Creating your own sourdough starter: the path to great bread

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Sourdough.

Whether it conjures up a crusty, flavorful loaf of bread or a bubbling crock of flour/water starter, sourdough is a treasured part of many bakers’ kitchens.

But where does the path to sourdough bread begin? And how do you start?

Start in your own home kitchen. And begin by creating your own sourdough starter.

First, a word of advice. Sourdough baking is as much art as science. This method for making sourdough starter isn’t an exact match for the one you read on another site, or in a cookbook, or in your great-grandma’s diary.

If you have a process you’ve successfully followed before, then hey, stick with it. Or try this one and compare. All good.

OK, ready? Let’s go.

Did you know that by clicking anywhere on this block of pictures, you can enlarge them to full size? Go ahead, give it a try; it’ll work for any of our gridded photos.

The following timeline assumes you can find a relatively warm place (68°F to 70°F) to grow your starter. More on that below.

Day 1: Combine 4 ounces (1 cup) whole rye flour (pumpernickel) or whole wheat flour with 4 ounces (1/2 cup) non-chlorinated cool water in a non-reactive container. Glass, crockery, stainless steel, or food-grade plastic all work fine for this. Here, I’m using a 4-cup glass measure.

Note that whole grain flour (whole wheat or rye) is used at the beginning of the process. This is because whole grains contain more nutrients and sourdough-friendly microorganisms than all-purpose flour.

It’s also important to feed your starter with non-chlorinated cool water; from now on, we’ll refer to this simply as “water.”

Stir everything together thoroughly; make sure there’s no dry flour anywhere. Cover the container loosely and let the mixture sit at warm room temperature (about 70°F) for 24 hours.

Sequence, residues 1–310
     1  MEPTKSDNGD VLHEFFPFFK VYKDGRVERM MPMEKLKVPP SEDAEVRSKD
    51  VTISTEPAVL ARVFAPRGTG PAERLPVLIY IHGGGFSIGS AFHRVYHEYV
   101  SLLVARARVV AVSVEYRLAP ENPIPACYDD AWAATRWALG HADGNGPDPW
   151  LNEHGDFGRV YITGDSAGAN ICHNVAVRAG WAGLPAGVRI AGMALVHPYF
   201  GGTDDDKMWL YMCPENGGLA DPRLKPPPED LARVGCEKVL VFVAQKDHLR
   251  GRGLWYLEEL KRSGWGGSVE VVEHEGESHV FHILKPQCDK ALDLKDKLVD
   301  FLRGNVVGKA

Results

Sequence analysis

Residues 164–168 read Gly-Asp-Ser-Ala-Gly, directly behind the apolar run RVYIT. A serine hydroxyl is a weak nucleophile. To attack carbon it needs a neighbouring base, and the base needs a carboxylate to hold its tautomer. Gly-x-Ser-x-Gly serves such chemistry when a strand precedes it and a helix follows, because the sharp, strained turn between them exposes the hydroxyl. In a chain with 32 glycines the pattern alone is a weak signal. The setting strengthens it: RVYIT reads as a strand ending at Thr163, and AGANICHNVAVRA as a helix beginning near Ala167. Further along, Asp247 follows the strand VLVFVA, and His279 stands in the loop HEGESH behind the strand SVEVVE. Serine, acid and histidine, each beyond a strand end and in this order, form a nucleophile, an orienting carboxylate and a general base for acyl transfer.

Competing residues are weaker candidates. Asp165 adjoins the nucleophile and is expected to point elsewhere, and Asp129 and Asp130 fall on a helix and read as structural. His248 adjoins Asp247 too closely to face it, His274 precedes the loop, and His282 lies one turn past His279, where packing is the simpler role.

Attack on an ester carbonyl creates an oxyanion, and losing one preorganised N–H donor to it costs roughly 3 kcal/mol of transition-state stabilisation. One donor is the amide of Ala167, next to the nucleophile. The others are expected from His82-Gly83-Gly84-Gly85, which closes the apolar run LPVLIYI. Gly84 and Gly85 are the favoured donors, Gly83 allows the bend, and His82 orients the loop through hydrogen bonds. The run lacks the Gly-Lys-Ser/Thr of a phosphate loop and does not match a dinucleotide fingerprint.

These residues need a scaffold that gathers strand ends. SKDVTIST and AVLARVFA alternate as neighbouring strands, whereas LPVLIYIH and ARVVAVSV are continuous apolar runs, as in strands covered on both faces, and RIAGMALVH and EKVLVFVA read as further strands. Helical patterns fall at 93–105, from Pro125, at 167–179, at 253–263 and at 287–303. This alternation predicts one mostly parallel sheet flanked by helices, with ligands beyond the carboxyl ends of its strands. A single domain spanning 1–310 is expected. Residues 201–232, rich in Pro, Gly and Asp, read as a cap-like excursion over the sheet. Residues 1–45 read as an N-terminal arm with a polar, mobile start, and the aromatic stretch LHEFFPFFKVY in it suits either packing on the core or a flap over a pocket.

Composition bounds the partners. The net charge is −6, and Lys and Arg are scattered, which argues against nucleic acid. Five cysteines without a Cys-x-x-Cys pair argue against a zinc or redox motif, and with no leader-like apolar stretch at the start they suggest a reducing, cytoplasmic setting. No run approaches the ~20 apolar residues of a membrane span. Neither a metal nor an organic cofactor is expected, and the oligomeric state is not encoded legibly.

A note about room temperature: the colder the environment, the more slowly your starter will grow. If the normal temperature in your home is below 68°F, we suggest finding a smaller, warmer spot to develop your starter.

For instance, try setting the starter atop your water heater, refrigerator, or another appliance that might generate ambient heat. Or, set it near a heat source (baseboard heater, etc.).

Another option: set the container of starter on a folded dish towel laid atop a heating pad on its lowest setting – as I’ve done in the photo above.

A temperature-controlled bread proofer is the absolute ideal solution; if you bake lots of yeast bread, you might consider investing in one of these tools.

Day 2: You may see no activity at all in the first 24 hours, or you may see a bit of growth or bubbling.

Either way, discard half the starter (4 ounces), and add to the remainder 4 ounces (a scant 1 cup) King Arthur Unbleached All-Purpose Flour, and 4 ounces (1/2 cup) cool water (if your house is warm); or lukewarm water (if it’s cold).

Mix well, cover, and let the mixture rest at room temperature for 24 hours.

Note: Why do you need to discard half the starter? It seems so wasteful…

Well, it’s necessary for three reasons. First, unless you discard, eventually you’ll end up with The Sourdough That Ate Milwaukee – too much starter. Second, keeping the starter volume the same helps balance the pH. And third, keeping the volume down offers the yeast more food to eat each time you feed it; it’s not fighting with quite so many other little yeast cells to get enough to eat.

Also, you don’t have to discard it if you don’t want to; you can give it to a friend, or use it to bake. There are quite a few recipes on our site using “discard” starter, including sourdough pizza crust, sourdough pretzels, and my all-time favorite waffles.